Health News Review

(Brian Williams:) There’s health news tonight having to do with aspirin. For years doctors and many TV commercials have been advising people to take one a day for a healthier heart. But it hasn’t always been clear if women get the same heart benefit as men. Tonight, finally, there is more evidence and here with that, NBC Chief Science Correspondent, Robert Bazell. … (Bazell) The conclusion: in women, aspirin reduces the rate of stroke blood clots in the brain, the most common type, by 24% but had little effect on heart attack risk. In men, the daily aspirin cuts heart attack risk by 32 percent but had little effect on stroke risk.

Our Review Summary

This piece presents relative benefits of aspirin for men and women without providing similar context of the risks from daily aspirin use. And the piece provides no absolute figures – only relative. So, for example, it says that “in women, aspirin reduces the rate of stroke blood clots in the brain, the most common type, by 24 percent….in men the daily aspirin cuts heart attack risk by 32 percent.” But 24 percent of what? And 32 percent of what? The journal article upon which the story is based did state the absolute values for both benefits and risks. Those absolute values show that, over about a six and half year period, daily aspirin is predicted to result in 2 fewer strokes and 2.5 more major bleeds per 1000 women; and 8 fewer heart attacks and 3 more major bleeds per 1000 men. To many viewers, those numbers will mean more than 32% or 24%. This meta-analysis of retrospective studies did find that aspirin had different beneficial cardiovascular effects for men and women, and aspirin use was associated with significant bleeding risk for both men and women. When reporting on therapeutic claims, journalists should present the chances for benefit and for harm, and it should be presented in absolute terms, not just in relative terms.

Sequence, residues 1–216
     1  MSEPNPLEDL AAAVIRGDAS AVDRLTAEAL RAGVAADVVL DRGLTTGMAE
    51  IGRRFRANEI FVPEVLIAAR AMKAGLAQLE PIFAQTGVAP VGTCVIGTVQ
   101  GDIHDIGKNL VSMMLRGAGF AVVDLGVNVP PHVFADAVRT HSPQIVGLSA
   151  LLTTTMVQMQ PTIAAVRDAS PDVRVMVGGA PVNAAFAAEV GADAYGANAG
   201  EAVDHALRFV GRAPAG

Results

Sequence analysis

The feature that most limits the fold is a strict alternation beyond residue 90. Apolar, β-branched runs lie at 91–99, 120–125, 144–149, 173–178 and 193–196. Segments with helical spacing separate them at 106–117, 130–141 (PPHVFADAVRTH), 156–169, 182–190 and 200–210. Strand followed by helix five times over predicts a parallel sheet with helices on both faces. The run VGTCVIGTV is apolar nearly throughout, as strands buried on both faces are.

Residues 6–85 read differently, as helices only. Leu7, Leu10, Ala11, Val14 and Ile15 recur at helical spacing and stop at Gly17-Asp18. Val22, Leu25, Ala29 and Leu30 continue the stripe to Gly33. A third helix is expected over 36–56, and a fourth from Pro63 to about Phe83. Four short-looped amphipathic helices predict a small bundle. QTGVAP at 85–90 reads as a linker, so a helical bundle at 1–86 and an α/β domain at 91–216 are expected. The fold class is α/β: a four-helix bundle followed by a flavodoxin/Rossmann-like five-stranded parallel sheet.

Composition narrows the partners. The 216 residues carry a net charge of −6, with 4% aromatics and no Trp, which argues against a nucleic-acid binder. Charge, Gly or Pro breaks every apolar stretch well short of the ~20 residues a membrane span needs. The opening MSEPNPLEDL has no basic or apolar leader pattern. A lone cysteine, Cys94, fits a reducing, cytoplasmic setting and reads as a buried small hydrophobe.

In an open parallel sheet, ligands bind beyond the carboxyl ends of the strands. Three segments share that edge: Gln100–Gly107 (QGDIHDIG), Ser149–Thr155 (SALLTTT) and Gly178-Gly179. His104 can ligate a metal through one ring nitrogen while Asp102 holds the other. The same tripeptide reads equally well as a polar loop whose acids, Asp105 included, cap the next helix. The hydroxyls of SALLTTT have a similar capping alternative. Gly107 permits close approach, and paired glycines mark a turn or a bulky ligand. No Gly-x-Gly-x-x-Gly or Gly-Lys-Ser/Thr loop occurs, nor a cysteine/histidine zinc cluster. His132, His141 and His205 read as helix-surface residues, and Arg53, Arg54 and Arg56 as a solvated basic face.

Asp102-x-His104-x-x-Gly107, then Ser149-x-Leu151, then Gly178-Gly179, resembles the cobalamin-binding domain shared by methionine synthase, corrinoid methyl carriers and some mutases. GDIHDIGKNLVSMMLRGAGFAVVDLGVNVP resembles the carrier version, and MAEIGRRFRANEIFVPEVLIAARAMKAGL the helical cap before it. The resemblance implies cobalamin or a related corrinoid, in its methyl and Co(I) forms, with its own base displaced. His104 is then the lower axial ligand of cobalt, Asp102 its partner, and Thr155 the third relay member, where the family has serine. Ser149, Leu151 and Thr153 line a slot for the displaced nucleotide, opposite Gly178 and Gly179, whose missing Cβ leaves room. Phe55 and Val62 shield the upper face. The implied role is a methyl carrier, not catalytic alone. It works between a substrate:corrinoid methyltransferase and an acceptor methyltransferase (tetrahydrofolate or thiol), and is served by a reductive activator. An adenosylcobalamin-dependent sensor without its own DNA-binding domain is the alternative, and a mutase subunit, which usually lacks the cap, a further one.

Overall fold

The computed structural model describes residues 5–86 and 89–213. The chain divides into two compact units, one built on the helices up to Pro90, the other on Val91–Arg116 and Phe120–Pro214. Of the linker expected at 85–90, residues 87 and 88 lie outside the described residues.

Criteria

Satisfactory

Does the story adequately discuss the costs of the intervention?

Satisfactory

Cost said to be ‘cheap’ but no actual figure of cost was provided.

Not Satisfactory

Does the story adequately quantify the benefits of the treatment/test/product/procedure?

Not Satisfactory

Presented relative risk reductions only; the study upon which the story is based provided calculation of absolute risk reduction, but the story didn’t use it.

Not Satisfactory

Does the story adequately explain/quantify the harms of the intervention?

Not Satisfactory

Harms of treatment mentioned without providing estimate for size of that increased risk.

Not Satisfactory

Does the story seem to grasp the quality of the evidence?

Not Satisfactory

No mention was made that the study reported on was a meta-analysis, retrospective research by definition. What was the quality of the evidence?

Not Satisfactory

Does the story use independent sources and identify conflicts of interest?

Not Satisfactory

Quickie consumer soundbite saying that taking a daily aspirin was an insurance policy. The only expert quoted was first author of the study.

Not Satisfactory

Does the story compare the new approach with existing alternatives?

Not Satisfactory

No mention was made of other means to reduce cardiovascular risk.

Satisfactory

Does the story establish the availability of the treatment/test/product/procedure?

Satisfactory

States that treatment is readily available. Neglects to mention that it is an over-the-counter medication, but most folks know this.

Satisfactory

Does the story establish the true novelty of the approach?

Satisfactory

This is not a novel treatment. Article points out that aspirin has been in use clinically for 200 years.

Total Score: 4 of 9 Satisfactory


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